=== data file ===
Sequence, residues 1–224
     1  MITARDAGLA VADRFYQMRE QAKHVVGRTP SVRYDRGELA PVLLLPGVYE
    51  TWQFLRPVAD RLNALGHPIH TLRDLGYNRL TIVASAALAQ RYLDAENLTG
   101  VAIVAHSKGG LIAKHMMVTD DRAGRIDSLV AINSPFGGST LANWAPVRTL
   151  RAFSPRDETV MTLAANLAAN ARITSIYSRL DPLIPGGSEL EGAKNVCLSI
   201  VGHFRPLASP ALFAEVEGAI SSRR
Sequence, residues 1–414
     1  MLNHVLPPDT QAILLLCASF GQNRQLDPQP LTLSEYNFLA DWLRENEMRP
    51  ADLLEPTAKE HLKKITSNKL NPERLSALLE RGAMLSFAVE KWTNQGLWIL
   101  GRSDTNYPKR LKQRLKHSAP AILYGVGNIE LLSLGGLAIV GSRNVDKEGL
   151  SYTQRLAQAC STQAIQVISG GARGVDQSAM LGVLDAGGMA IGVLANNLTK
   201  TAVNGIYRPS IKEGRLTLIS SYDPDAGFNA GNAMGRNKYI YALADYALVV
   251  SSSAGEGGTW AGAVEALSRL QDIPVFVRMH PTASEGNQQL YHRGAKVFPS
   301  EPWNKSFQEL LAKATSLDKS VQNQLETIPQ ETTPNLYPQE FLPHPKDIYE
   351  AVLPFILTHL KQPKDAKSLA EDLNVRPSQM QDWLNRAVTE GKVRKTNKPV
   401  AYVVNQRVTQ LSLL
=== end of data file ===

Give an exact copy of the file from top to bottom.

Sequence, residues 1–224
     1  MITARDAGLA VADRFYQMRE QAKHVVGRTP SVRYDRGELA PVLLLPGVYE
    51  TWQFLRPVAD RLNALGHPIH TLRDLGYNRL TIVASAALAQ RYLDAENLTG
   101  VAIVAHSKGG LIAKHMMVTD DRAGRIDSLV AINSPFGGST LANWAPVRTL
   151  RAFSPRDETV MTLAANLAAN ARITSIYSRL DPLIPGGSEL EGAKNVCLSI
   201  VGHFRPLASP ALFAEVEGAI SSRR
Sequence, residues 1–414
     1  MLNHVLPPDT QAILLLCASF GQNRQLDPQP LTLSEYNFLA DWLRENEMRP
    51  ADLLEPTAKE HLKKITSNKL NPERLSALLE RGAMLSFAVE KWTNQGLWIL
   101  GRSDTNYPKR LKQRLKHSAP AILYGVGNIE LLSLGGLAIV GSRNVDKEGL
   151  SYTQRLAQAC STQAIQVISG GARGVDQSAM LGVLDAGGMA IGVLANNLTK
   201  TAVNGIYRPS IKEGRLTLIS SYDPDAGFNA GNAMGRNKYI YALADYALVV
   251  SSSAGEGGTW AGAVEALSRL QDIPVFVRMH PTASEGNQQL YHRGAKVFPS
   301  EPWNKSFQEL LAKATSLDKS VQNQLETIPQ ETTPNLYPQE FLPHPKDIYE
   351  AVLPFILTHL KQPKDAKSLA EDLNVRPSQM QDWLNRAVTE GKVRKTNKPV
   401  AYVVNQRVTQ LSLL